Media Button Video Production

From corporate brand short films to digital videos, social media campaigns, and standard commercials, women everywhere are charging onto the battlefield that is video. Slinging avatars and hashtags in place of molten arrows, women have been quick to embrace both sides of the lens. Here we look at some secrets of the most successful female-driven video campaigns and how you can implement them.


No matter what size of business you’re running, you can always glean a thing or two from the big girls. In a video series dubbed “Better For It,” Nike Women focused on identifying a common denominator–women’s shared experiences while working out–then using humour as a vehicle to express it.

Meant to act out the “inner thoughts” women experience while exercising and working out, the video combines hilarious segments for maximum impact. From the young woman silently lamenting the arrival of a group of attractive women to the gym (“Oh good, a bunch of models…”) to a shot of a woman struggling to weight train (“Don’t mind me over here with my baby weights and my baby arms…”), the video ends on a positive note with each woman achieving her individual goal.

Rather than portraying hard to achieve standards, Nike Women found a way to imbue their message with the reality most of us face in trying to achieve a physical goal. And in doing so they were successful at creating an opportunity for viewers to relate and respond to.

Key components: Humour, relatability, and sense of community


In honour of this past International Women’s Day, Vodafone undertook an ambitious video and social media campaign. Using the hashtag #ConnectedSheCan, Vodafone expressed its own commitment to the global advancement of women by celebrating women’s achievements.

The ad portrays a number of real women from across the world struggling against the odds to achieve their goals. The vignette includes shots of a woman harvesting her own crop while another works to kick-start start her own business. It even features young women teaching themselves to read against the odds. Vodafone’s own interests come in when displaying text messages used by the women to communicate business needs or social connections.

A key component of its social media campaign was to ask viewers to share the video if they support “helping women globally by connecting them.” With almost 20 million views in the week leading up to the celebration, it was the most watched video celebrating International Women’s Day.

Key components: Used real stories, engaged with social issues affecting women, cemented a commitment to philanthropic action


Non-profits’ can often face an unnecessarily hard time when it comes to creating engaging video content. Historically seen as “unsexy” or “dull,” we have the rising global awareness of social issues and a growing collective interest in philanthropic work to thank in changing these attitudes.

Classified as a non-profit organization, The Girl Effect has a single goal: to help adolescent girls end the cycle of poverty for “themselves, their families, their communities, their countries and the world.” With over 2.1 million views on YouTube, their video ad uses simple animation and text to educate viewers on the root causes of poverty and its effects on girls. Revealed are heartbreaking statistics like when a girl turns 12 and lives in poverty, she faces the reality of being married at the age of 14. Ending with a positive message about how lifting girls out of poverty works to serve us all.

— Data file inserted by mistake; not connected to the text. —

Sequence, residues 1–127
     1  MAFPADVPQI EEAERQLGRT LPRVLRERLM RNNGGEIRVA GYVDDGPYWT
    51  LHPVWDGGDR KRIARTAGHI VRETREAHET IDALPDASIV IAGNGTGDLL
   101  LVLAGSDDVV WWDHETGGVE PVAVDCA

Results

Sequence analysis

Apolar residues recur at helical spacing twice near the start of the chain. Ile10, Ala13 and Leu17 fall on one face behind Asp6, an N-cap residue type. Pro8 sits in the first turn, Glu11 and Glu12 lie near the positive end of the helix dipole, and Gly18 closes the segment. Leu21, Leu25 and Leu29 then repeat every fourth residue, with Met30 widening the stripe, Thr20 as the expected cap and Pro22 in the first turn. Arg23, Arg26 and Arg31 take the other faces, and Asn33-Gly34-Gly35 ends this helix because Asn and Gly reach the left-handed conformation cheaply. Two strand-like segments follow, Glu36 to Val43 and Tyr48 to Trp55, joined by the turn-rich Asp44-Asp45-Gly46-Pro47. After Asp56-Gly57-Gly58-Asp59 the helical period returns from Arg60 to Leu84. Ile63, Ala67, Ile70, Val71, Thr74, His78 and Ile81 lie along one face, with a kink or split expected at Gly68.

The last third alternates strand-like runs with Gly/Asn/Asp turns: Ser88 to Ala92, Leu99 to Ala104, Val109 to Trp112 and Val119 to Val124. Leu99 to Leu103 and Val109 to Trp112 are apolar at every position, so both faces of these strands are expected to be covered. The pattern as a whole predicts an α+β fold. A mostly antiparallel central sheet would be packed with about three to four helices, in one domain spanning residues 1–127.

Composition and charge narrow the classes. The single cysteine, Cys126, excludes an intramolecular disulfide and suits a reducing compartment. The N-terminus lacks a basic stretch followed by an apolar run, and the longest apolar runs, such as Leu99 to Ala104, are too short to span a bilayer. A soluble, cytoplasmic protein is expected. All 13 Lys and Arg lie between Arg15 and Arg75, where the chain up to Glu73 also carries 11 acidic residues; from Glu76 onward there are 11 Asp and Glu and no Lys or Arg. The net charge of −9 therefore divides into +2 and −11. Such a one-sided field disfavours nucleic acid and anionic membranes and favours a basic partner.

In their video, The Girl Effect made their point by deeply stirring our emotions, but also by educating us. As a result, it makes us want to share this information with others and learn more about what they’re doing to end the cycle of female adolescent poverty.
Key components: Inspirational and empowering, embraced a family-brand dynamic, leveraged their market research


The rise of brands using advertising to challenge gender norms and empower women has grown so substantially over the last few years there’s now an award for it. According to Adweek, lifestyle digital media company, SheKnows Media, ushered in the #Femvertising Awards at its BlogHer conference to celebrate “a trend in advertising around female-empowered messaging and creative. With heavy-hitter brands like Dove and Ram Trucks in attendance, winners have a chance to work with the SheKnows creative studio on a new campaign from production to creation.


Below are some of the elements used by the most successful female-driven campaigns.

• Powerful storytelling with authentic emotional messages
• Not afraid to poke fun of themselves or their brand
• Maintain a consistent tone and core message
• Often use a family-brand dynamic that appeals across demographics
• Work to make product social and build a sense of community
• Identify social norms & then deconstruct them
• Inspirational
• Empowering
• Honest about the challenges we face
• Open about our individual flaws
• Use a light, playful tone
• Portray a diverse audience (ethnicity, age, religion, style & body shape)
• Explore gender dynamics
• Explore and portray gender myths and stereotypes
• Focus on widely unexplored issues (e.g.: gender dynamics in the workplace)


If you would like to speak about creating a successful female-driven video campaign, feel free to contact us. We are a diverse hub of creative minds who love meeting new people and challenging the norms.


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